Switzerland’s federal council said Monday it was adopting the EU’s sanctions against Russia.
The package includes freezing Putin’s personal assets, effective immediately.
Switzerland also said it was closing its airspace to Russian aircraft and bar people close to Putin from entering.
Switzerland broke its historically neutral status to sanction Russia over its invasion of Ukraine.
In a statement Monday, Switzerland’s federal council said it would adopt sanctions against Russia effective immediately. The measures, it said, would match those of the European Union, of which Switzerland is not a member.
The sanctions package targets various Russian companies and individuals, and involves freezing the personal assets of Russian President Vladimir Putin, Prime Minister Mikhail Mishustin, and Foreign Minister Sergei Lavrov.
The federal council said it would also close its airspace to all flights from Russia and “all movements of aircraft with Russian markings,” bar people close to Putin from entering Switzerland, and send relief supplies to Poland to help with settling Ukrainian refugees.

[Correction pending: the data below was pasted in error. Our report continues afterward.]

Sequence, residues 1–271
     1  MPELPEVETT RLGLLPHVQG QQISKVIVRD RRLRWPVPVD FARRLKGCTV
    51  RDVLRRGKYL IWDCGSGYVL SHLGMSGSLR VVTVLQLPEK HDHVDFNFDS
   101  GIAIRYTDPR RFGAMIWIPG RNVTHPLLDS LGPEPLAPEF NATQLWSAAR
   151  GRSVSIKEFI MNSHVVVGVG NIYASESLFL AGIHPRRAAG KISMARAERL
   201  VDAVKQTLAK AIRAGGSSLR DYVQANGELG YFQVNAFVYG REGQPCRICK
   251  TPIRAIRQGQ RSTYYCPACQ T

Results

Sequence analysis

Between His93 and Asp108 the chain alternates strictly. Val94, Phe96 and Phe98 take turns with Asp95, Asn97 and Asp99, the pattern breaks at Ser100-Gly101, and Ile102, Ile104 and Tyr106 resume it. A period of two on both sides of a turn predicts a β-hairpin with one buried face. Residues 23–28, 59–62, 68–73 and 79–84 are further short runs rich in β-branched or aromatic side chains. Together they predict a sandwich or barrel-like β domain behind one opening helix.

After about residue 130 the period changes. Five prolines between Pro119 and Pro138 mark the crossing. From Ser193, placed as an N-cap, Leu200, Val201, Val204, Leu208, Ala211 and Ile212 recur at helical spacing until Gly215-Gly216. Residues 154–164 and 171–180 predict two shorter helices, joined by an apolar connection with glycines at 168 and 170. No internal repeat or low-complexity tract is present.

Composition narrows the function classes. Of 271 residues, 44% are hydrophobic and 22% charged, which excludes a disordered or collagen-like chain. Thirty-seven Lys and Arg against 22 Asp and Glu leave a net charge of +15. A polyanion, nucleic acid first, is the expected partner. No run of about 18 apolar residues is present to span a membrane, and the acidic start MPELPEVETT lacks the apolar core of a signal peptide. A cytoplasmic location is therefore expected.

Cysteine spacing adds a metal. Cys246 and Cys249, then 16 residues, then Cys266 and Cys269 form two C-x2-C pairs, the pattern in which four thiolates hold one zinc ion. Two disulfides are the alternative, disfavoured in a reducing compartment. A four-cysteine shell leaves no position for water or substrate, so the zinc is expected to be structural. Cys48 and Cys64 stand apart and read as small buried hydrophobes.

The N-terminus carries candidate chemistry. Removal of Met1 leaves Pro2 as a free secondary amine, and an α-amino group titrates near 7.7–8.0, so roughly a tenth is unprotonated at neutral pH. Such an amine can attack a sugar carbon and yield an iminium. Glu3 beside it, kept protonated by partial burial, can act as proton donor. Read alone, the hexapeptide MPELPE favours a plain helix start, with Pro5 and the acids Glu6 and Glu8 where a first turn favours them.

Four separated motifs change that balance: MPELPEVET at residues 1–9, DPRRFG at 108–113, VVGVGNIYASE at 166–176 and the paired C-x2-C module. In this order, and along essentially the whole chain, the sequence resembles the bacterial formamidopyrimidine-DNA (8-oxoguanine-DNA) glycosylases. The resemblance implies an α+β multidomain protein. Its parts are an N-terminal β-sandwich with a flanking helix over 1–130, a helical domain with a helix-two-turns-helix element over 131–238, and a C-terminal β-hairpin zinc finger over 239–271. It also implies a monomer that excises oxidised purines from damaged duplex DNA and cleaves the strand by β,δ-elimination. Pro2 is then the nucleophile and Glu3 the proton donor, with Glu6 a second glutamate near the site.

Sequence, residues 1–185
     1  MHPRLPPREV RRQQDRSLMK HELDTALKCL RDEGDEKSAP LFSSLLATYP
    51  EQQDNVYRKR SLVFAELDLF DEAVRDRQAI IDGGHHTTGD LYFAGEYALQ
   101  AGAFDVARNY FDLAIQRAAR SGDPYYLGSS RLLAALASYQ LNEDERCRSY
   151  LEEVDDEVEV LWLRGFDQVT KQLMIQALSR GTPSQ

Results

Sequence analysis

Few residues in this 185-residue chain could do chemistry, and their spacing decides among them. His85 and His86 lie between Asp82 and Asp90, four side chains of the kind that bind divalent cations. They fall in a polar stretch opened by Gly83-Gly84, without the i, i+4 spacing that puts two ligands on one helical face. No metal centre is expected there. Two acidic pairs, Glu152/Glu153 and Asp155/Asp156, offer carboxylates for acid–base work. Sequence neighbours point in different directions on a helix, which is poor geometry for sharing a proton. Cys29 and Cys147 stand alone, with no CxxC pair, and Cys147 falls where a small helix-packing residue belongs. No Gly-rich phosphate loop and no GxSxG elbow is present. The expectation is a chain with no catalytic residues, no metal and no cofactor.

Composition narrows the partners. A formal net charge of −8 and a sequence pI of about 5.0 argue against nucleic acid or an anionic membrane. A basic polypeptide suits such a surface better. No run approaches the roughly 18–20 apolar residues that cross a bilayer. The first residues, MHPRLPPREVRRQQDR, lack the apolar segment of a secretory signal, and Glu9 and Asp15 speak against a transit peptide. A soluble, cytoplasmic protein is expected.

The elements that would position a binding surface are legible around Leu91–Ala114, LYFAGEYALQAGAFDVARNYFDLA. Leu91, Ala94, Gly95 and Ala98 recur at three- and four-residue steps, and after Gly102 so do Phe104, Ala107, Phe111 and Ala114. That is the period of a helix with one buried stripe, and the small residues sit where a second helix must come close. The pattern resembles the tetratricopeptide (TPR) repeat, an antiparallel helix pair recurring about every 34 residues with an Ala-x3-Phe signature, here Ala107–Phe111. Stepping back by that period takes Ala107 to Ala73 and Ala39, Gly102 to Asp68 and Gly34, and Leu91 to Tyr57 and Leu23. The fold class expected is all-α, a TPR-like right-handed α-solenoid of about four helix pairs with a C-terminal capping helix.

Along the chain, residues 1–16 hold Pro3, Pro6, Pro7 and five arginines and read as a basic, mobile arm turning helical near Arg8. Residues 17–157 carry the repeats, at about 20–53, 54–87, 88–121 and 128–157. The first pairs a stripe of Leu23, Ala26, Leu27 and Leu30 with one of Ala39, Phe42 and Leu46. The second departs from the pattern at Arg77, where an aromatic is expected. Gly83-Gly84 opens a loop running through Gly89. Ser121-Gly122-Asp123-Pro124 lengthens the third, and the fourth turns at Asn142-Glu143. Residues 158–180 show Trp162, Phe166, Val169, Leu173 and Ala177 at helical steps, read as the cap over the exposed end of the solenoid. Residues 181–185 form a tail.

“Switzerland reaffirms its solidarity with Ukraine and its people,” the statement said.
The US, UK, and EU imposed sanctions against Russian companies and individuals after Putin ordered troops into Ukraine last week.
Putin put Russia’s nuclear deterrent forces on high alert on Sunday, saying they were in response to “illegitimate Western sanctions.”
Russia’s invasion of Ukraine — the biggest conflict in Europe since World War II — has prompted many historically neutral countries in the West to impose sanctions or send weapons.
Sweden said on Sunday that it was sending military aid, including anti-tank weapons, to Ukraine, breaking its decades-long tradition of not sending weapons to countries in armed conflict. The last time Sweden did so was in 1939, when the Soviet Union invaded Finland, Swedish Prime Minister Magdalena Andersson told reporters.
Also on Sunday, the EU announced plans to purchase and deliver weapons to Ukraine, marking the first time the bloc has ever bought and sent weapons to a country under attack.
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